As if there wasn’t enough to explore on the planet’s surface, these stunning underground wonders will take your breath away.
Naracoorte Caves National Park, South Australia
The Naracoorte Caves National Park was inducted to the World Heritage List in 1994. It has 26 caves that house a cache of fossils spanning at least 350,000 years.
The caves are the final resting place for hundreds of animals, including extinct mega fauna, such as marsupial lions, giant kangaroos and a prehistoric wombat the size of a large car. The animals fell through holes caused by eroded limestone at various periods throughout history. The caves are also home to stunning stalactite and stalagmite formations formed throughout hundreds of thousands of years.
Facilities at the national park include camping grounds, a caravan park, dormitories and picnic grounds, and show tours are available to visitors who wish to see the fantastic displays of fossils and bones. Other features include the famous Bat Cave, adventure caving and various specialty tours.
The underground town of Coober Pedy, South Australia
If it weren’t for the astounding amount of riches located beneath the ground of Coober Pedy, no one would live there. With searing temperatures all year round, no natural water supply and a desolate landscape comparable to that of Mars, Coober Pedy is not a welcoming environment. So why would anyone want to live there, let alone visit? Well, Coober Pedy supplies most of the world’s gem-quality opals and is known as the opal capital of the world.
Most of the residents live in below the ground residences known as ‘dugouts’ so they can escape the unliveable conditions on the surface. Popular attractions apart from the quirky underground town include underground churches and art galleries, the mines, famous film locations for movies such as Mad Max: Beyond Thunderdome and Priscilla Queen of the Desert and the Coober Pedy Golf Club – a course which must be mostly played at night with glowing golf balls in order to avoid the unbearable daytime temperatures. It is also the only club in the world to enjoy reciprocal rights with the world-famous Royal and Ancient Golf Club of St Andrews.
The underground city of Cappadocia, Turkey
On the surface, Cappadocia is well known for its surreal landscapes of tufa rock. But its most remarkable attractions undoubtedly lie beneath the ground.
Cappadocia is home to around 100 underground cities, some of which are open to tourists. The underground cities were built and occupied in order for inhabitants to defend themselves against marauding armies.
The Cappadocians excavated complex settlements in the soft volcanic rock beneath the surface, with one such city, Kayseri, descending eight levels, some 20 metres below ground.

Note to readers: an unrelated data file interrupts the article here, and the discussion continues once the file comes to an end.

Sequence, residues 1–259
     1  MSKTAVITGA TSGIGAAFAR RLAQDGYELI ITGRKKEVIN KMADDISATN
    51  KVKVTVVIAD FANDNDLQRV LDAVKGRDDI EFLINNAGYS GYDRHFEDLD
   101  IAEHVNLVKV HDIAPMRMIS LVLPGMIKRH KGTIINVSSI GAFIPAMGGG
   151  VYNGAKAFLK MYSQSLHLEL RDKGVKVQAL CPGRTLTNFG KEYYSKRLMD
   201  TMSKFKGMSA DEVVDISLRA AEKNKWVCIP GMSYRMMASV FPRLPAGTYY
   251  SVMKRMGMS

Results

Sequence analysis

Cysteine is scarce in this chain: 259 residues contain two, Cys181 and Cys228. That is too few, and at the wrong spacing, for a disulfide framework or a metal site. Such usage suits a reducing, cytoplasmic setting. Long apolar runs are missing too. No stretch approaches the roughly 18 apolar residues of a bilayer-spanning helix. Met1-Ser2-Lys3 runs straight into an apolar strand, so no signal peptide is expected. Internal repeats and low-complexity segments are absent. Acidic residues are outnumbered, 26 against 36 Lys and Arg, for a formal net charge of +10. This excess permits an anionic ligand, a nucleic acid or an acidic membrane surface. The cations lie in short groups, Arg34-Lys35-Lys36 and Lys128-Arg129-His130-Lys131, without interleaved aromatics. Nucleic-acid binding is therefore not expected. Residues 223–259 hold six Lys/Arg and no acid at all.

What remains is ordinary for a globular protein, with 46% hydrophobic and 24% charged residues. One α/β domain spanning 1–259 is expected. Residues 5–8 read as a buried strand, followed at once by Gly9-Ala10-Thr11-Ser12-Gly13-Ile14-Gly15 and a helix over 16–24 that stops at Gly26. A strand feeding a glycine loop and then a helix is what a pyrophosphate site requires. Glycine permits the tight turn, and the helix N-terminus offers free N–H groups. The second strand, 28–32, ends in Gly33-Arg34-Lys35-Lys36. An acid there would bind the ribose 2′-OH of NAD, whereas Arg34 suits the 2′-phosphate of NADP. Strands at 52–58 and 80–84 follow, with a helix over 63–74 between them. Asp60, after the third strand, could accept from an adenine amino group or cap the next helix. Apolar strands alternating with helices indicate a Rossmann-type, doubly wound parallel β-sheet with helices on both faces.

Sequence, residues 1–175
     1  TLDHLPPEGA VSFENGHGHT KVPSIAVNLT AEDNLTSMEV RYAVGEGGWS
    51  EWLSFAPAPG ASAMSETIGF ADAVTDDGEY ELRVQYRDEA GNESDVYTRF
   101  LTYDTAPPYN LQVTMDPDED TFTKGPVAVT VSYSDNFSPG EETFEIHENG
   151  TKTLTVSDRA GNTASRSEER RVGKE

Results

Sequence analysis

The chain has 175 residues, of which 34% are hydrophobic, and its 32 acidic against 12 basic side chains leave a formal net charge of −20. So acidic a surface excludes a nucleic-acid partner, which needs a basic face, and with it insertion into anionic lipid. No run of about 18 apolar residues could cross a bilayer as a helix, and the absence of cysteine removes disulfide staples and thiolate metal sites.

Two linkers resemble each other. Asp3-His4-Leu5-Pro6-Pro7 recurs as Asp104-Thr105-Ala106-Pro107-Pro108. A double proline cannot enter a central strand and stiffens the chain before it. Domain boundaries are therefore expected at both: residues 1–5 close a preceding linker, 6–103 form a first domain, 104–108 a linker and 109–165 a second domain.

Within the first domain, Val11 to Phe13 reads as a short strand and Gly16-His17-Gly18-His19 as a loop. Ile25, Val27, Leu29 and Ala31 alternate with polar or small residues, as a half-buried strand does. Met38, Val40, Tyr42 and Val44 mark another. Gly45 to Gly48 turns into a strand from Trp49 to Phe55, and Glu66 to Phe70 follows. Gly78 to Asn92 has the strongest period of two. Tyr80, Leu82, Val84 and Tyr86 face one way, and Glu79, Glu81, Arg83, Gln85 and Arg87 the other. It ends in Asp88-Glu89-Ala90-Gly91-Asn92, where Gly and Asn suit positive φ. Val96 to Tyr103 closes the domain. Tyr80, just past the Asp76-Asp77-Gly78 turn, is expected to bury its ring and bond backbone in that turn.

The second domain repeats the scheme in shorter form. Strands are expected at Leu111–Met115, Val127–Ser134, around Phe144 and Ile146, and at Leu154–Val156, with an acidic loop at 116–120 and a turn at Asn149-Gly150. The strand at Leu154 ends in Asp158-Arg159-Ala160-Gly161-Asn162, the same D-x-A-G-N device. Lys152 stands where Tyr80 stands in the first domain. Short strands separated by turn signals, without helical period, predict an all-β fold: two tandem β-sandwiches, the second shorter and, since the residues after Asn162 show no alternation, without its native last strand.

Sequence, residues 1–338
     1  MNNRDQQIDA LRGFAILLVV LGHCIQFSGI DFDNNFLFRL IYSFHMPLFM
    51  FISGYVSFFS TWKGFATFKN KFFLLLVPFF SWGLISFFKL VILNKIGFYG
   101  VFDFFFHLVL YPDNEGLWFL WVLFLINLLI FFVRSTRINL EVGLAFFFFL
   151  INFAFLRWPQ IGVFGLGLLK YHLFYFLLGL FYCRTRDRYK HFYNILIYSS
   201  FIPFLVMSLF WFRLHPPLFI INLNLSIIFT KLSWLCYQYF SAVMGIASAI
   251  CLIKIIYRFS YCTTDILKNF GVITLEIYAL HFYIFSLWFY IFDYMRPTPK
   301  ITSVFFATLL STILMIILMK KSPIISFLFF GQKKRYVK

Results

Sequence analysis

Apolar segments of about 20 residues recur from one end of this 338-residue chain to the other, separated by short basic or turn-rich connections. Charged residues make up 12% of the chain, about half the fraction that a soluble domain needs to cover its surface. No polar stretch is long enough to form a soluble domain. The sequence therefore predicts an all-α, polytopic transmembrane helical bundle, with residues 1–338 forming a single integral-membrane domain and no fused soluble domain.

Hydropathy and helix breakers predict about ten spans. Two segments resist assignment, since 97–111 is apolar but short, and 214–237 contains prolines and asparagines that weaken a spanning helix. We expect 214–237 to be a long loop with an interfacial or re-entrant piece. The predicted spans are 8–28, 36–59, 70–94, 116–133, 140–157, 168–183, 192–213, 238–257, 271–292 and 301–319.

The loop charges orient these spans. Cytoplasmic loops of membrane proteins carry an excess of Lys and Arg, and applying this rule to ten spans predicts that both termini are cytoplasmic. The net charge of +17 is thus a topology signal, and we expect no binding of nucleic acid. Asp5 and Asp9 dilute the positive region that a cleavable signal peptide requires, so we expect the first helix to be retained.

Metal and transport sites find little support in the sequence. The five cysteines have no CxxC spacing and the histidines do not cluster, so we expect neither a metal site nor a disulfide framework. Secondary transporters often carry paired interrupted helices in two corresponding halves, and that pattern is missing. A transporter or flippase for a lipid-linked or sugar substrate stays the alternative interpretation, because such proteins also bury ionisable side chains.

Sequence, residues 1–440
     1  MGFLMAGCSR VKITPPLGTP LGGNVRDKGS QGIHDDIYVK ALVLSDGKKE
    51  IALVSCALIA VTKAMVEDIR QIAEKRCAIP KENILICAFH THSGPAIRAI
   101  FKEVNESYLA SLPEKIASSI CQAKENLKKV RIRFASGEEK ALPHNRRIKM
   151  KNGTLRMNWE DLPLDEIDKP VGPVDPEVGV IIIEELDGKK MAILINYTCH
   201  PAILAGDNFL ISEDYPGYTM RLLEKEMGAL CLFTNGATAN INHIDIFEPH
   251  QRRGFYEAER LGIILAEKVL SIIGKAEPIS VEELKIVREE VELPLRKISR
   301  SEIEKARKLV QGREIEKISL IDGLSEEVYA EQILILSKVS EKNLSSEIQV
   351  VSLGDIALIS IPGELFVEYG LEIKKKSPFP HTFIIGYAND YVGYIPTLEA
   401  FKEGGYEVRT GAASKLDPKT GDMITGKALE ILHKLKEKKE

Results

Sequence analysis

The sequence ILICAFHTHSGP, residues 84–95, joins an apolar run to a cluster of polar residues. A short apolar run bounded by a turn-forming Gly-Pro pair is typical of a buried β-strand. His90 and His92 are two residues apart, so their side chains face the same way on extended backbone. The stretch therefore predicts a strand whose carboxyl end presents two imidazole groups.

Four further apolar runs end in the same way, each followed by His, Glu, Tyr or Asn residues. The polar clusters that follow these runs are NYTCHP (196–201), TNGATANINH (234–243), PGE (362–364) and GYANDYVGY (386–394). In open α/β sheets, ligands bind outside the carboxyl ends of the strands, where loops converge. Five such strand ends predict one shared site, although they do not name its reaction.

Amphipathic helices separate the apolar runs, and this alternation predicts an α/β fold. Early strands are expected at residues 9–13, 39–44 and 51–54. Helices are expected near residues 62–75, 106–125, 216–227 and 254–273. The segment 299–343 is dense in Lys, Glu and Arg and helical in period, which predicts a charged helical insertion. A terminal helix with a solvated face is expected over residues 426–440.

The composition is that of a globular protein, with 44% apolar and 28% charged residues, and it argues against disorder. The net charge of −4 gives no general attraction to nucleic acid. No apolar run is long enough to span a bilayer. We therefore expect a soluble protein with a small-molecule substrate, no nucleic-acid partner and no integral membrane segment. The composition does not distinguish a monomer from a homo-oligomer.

Cappadocia was home to around 5000 occupants, who could live there thanks to an elaborate array of ventilation chimneys that delivered fresh air from the surface.
Some of the more interesting attractions at Cappadocia include underground churches and cemeteries, kitchens, storage areas, and a complex array of labyrinths and secret passages that the residents used to ward off would-be invaders.
Moscow’s magnificent Metro, Russia
Moscow’s subway system, opened in 1935, was one of the Soviet Union’s most ambitious projects and certainly the most lavish subway system in the world. The metro’s artists and architects were charged with creating a structure that was the personification of svet (radiance or brilliance) and svetloe budushchee (a radiant future). Considering the subway’s incredible use of reflective marble walls, high ceilings and grand chandeliers, it seems they achieved their goal.
Must-see stations include Ploshchad Revolyutsii and its 72 bronze sculptures depicting the face of the Soviet Union. Novoslobodskaya is also a popular site, known for its magnificent stained glass panels, and the vaulted ceilings and baroque interiors of Komsomolskaya make it a station at which to stop. Mayakovskaya, with its ornate mosaic showpieces created to depict the bright Soviet future, is a heart-stopping station as well.
The Metro transports more than nine million passengers a day, so best not to take the train during peak hour if you want to take in all the glory of this magnificent metro system.
Eisriesenwelt ice cave, Austria
The Eisriesenwelt cave is the largest ice cave in the world, which for years was hidden in plain sight, as for centuries the locals were convinced that the cave was the mouth of hell.
Around 130 years ago, an intrepid mountaineer named Anton Posselt was the first to step foot inside the cave mouth, where he discovered a magical palace of ice. Nowadays, the 42km cave called Eisriesenwelt, which means World of the Ice Giants, is open to tourists from 1 May to 26 October each year, with a fast three-minute cable car ride saving visitors the 90-minute uphill hike. Make sure you rug up in your warmest winter clothes, though, because temperatures inside the cave are usually below freezing.
The tour, which takes just over an hour, will take you inwards to Posselt Hall, which houses a huge stalagmite formation known as Posselt Tower. Here you’ll see an ashen cross on the wall of the cave that marks the farthest point of exploration of Anton Posselt.
Visitors can also view a massive 25-metre underground ice formation known as the Great Ice Embankment, as well as Hymir’s Castle, named after a Nordic mythological giant, and a stunning stalactite formation known as Frigga’s Veil, or the Ice Organ, which, if the cold hasn’t already done so, will take your breath away.